A long prison sentence, and a lifetime of waiting

The first time Emani Davis’s father saw her as a baby, he was behind a glass partition at the Brooklyn House of Detention. At that moment, neither imagined that this first encounter would set the stage for most of their interactions in the decades to come. When Emani was six, her father was again headed for prison–this time sentenced to 107 years for his role in a shooting in Virginia. For the past 22 years, the time she spends with her father has been monitored by armed guards and limited to prison visiting hours.

Her father’s incarceration started to affect Emani immediately. Most of her classmates stopped talking to her when they found out that her father was in prison and sometimes she would get into fights with kids who teased her about her dad.

“It was the first time that I realized that this was something that people thought that I should be ashamed of,” she said.

These experiences made her aware of the stigma that befalls children of incarcerated parents, and she learned to be more selective in sharing this part of her life with those around her. When she came to understand the circumstances around her father’s imprisonment, she also found herself doing a great deal of explaining, making sure that people knew that even though he had been convicted of felony murder, he was not the one who pulled the trigger.

At 29, Emani is no longer as burdened by others’ negative reactions to her father. She has come to terms with the events that landed him behind bars and has spoken publicly about being the child of an incarcerated person.

In the confines of detention centers around Virginia, she has developed a tight relationship with her father. When she visits him, they play cards and do puzzles together. He gives her newspaper clippings and she talks to him about her life. Her friends tell her that she has a better relationship with her incarcerated father than they do with their own.

“My father is my homeboy,” she said, smiling proudly as she spoke about him. “We kick it on a visit.”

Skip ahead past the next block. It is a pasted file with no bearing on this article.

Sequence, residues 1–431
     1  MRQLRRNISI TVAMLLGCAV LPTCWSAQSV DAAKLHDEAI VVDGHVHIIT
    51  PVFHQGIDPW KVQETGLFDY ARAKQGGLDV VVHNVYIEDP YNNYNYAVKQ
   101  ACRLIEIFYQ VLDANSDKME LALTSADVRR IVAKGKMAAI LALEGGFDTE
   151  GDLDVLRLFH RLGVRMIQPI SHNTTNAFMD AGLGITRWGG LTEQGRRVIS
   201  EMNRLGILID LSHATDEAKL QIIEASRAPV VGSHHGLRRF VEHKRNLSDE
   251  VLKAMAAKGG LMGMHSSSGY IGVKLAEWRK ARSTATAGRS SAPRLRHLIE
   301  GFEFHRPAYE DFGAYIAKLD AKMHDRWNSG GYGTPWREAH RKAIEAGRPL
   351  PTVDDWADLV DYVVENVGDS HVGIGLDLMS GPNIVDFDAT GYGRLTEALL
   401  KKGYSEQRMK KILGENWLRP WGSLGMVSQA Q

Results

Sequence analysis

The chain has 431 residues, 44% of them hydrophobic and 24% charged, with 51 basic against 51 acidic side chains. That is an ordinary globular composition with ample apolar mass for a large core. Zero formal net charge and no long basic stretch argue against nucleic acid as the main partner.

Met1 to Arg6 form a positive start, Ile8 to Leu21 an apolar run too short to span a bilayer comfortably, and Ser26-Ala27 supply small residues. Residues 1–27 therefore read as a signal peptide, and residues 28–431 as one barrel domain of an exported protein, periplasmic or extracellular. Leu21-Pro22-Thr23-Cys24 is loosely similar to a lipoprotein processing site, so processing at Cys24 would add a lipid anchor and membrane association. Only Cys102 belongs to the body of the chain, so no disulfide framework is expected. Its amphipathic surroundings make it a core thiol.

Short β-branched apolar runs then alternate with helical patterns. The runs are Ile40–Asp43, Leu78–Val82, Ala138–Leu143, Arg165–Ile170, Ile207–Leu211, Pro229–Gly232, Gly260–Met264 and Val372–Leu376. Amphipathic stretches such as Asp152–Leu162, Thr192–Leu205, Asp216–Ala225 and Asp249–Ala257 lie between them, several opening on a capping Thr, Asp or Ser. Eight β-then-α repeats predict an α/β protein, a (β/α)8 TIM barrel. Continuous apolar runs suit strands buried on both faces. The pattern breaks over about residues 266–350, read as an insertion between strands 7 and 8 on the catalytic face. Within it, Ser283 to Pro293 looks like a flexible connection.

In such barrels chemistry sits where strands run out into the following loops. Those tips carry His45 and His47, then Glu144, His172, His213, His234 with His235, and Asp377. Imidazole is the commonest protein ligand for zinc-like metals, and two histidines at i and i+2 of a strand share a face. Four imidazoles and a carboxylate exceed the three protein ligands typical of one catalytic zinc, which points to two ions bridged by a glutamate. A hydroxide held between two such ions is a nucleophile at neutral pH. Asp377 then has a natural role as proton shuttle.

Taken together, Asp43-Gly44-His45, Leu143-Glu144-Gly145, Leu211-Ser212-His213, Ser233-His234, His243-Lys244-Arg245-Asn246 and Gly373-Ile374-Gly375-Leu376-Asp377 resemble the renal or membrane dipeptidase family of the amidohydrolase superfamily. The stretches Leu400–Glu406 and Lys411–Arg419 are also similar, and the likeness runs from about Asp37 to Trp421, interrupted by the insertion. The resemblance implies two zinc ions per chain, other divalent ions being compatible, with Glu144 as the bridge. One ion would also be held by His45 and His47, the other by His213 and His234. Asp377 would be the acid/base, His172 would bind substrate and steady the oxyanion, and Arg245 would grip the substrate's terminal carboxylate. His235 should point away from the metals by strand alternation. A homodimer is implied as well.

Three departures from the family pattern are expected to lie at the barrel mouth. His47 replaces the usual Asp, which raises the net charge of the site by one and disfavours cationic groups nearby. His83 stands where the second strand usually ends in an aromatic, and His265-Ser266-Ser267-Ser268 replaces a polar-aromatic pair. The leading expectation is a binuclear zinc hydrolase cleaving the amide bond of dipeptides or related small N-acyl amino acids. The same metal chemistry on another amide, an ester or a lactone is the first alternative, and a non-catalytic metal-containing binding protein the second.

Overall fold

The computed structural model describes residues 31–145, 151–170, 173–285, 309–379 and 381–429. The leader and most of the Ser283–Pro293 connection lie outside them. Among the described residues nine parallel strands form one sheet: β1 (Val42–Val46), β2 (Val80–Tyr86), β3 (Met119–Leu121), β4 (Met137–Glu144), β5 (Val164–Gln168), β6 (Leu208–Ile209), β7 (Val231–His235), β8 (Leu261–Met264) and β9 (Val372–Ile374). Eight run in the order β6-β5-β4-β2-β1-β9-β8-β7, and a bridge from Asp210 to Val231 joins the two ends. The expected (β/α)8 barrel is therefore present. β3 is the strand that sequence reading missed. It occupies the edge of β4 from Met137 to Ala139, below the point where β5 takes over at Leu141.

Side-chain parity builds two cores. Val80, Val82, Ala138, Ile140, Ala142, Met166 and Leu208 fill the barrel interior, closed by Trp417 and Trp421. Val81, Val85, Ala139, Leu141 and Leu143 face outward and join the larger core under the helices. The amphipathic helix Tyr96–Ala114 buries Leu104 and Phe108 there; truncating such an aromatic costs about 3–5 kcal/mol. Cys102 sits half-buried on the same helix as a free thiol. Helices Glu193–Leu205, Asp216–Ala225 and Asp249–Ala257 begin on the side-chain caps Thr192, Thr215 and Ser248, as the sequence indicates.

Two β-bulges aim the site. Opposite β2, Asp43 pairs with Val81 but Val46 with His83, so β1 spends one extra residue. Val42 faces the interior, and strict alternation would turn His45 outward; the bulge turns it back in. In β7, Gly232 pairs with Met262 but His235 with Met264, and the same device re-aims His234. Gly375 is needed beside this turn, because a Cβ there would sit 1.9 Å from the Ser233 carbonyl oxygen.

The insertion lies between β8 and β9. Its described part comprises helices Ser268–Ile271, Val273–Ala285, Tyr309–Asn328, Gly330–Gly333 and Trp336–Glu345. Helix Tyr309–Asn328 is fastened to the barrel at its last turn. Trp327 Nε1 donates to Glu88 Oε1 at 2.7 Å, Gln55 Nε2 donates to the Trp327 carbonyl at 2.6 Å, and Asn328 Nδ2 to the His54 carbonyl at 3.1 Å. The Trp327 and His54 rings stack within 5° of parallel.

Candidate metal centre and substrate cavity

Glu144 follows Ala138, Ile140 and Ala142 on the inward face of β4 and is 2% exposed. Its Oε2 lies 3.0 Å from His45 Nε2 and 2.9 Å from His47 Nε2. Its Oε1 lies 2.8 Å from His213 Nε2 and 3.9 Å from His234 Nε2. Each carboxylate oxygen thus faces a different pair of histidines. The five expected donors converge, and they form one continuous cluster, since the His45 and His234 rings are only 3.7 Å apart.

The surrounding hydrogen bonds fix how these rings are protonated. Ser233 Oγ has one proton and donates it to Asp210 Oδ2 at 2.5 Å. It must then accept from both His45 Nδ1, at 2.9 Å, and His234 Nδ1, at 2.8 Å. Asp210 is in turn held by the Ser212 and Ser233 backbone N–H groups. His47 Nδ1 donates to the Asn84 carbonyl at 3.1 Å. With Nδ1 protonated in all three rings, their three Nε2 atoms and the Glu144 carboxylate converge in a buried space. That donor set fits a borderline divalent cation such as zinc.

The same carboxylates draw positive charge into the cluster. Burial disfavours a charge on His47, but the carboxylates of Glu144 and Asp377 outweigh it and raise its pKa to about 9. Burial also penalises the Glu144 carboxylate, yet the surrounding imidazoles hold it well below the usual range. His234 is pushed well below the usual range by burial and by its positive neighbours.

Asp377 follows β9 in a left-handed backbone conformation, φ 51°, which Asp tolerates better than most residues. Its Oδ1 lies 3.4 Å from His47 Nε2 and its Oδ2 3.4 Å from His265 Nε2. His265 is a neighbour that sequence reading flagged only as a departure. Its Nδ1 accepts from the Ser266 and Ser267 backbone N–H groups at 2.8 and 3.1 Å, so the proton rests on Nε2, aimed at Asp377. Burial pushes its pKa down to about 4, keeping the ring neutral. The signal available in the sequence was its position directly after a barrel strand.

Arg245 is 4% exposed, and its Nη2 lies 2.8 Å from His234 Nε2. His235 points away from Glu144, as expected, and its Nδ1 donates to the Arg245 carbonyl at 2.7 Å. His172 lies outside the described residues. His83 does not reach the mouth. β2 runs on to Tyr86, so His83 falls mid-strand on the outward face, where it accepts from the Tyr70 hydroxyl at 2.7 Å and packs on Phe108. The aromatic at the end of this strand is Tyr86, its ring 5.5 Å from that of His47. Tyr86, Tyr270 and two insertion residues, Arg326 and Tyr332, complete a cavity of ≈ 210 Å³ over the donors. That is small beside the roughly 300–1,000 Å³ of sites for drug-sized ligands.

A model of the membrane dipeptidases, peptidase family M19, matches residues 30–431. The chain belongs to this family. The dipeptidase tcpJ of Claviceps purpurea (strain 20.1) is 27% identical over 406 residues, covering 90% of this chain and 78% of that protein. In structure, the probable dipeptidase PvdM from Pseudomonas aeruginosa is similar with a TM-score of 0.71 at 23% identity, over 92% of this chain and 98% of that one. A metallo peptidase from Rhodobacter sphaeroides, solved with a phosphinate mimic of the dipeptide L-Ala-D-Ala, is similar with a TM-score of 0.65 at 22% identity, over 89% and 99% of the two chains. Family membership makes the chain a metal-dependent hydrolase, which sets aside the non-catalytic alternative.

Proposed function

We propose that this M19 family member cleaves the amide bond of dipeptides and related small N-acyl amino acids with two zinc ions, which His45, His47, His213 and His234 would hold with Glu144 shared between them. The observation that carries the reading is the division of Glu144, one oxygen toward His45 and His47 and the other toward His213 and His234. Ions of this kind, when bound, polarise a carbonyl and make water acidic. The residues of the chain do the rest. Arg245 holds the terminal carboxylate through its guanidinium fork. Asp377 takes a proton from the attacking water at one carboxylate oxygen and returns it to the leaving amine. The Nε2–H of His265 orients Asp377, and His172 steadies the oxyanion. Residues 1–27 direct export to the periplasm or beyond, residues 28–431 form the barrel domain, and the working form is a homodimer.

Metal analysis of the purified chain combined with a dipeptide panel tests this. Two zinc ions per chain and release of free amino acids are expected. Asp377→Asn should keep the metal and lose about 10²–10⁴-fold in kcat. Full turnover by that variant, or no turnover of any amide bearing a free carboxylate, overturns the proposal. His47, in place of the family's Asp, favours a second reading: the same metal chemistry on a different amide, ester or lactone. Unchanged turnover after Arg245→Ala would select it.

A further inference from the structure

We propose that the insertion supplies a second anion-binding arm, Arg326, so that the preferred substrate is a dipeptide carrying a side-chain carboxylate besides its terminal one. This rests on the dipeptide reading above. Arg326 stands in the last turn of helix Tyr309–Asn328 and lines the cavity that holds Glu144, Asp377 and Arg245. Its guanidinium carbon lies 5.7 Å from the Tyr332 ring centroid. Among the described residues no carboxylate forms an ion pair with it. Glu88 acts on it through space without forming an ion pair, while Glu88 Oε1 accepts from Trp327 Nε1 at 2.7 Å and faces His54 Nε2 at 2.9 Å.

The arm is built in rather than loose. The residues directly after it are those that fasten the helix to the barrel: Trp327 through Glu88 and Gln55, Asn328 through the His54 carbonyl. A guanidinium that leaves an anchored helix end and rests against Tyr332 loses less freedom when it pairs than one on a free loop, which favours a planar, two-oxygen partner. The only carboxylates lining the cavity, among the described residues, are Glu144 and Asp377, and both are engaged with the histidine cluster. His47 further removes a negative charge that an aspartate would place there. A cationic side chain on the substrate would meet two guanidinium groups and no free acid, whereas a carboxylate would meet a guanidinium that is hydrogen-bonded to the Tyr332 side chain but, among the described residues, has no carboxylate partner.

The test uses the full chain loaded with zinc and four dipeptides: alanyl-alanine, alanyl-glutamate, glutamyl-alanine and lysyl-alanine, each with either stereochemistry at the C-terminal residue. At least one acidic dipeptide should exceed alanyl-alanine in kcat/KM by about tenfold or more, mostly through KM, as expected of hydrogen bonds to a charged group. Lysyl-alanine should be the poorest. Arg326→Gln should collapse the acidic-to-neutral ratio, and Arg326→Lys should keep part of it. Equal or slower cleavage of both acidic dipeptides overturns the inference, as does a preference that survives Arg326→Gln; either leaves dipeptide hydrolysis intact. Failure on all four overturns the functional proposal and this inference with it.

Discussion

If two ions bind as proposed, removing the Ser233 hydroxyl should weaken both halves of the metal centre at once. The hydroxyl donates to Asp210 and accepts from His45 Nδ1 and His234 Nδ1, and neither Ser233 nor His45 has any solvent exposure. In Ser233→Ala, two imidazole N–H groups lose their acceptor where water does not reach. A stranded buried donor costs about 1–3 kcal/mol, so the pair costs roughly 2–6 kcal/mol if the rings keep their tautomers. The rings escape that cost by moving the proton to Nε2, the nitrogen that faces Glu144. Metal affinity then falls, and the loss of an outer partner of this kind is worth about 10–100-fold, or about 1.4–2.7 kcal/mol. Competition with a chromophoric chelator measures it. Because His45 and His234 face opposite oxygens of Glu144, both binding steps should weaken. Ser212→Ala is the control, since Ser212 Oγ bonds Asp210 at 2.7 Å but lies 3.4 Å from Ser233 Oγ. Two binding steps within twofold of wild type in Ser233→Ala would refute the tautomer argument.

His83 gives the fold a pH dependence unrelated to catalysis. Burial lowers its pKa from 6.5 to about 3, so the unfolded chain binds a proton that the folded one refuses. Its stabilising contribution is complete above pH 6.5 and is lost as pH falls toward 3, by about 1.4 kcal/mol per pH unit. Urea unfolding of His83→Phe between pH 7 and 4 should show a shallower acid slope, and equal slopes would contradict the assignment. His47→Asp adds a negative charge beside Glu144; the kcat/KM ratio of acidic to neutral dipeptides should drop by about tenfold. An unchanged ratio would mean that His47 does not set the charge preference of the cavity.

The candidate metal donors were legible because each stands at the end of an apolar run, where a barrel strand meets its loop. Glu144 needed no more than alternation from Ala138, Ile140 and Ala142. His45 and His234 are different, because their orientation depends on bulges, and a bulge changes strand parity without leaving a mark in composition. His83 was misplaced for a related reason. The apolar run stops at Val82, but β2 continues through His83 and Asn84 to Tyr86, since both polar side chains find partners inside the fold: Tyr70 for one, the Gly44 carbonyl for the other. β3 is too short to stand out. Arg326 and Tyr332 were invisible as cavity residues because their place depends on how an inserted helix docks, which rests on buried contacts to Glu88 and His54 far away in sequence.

Despite their closeness, his incarceration has been the cause of a void she can’t seem to fill. She feels it in her relationships and in the constant waiting that has marked a big part of her existence: waiting for the next visit, on line at the detention center, for the next ruling in his case. She says that she has put her life on hold waiting for him to come home, which explains why she did an extra year of high school and college, hoping that perhaps next year he’d be there to celebrate with her.

However, his imprisonment has also imbued her with a sense of purpose. Her family’s struggles with the legal system have led her to work with social justice organizations around the country, most recently with urban youth in Oakland, Calif. Her father is the reason she moved from California to New York, to be closer to him and continue to work on getting him released on parole. He has been eligible for release for 11 years, but convincing the parole board that her father is fit to be back in the community has been quite a struggle. This year marked the eleventh time that his parole petition was denied.

This denial dealt a particularly strong blow to Emani and her family. Now that her father is 65 and in failing health, there is a new sense of urgency to succeed in securing his release.

“He can’t die there,” she said.

About Ana Toro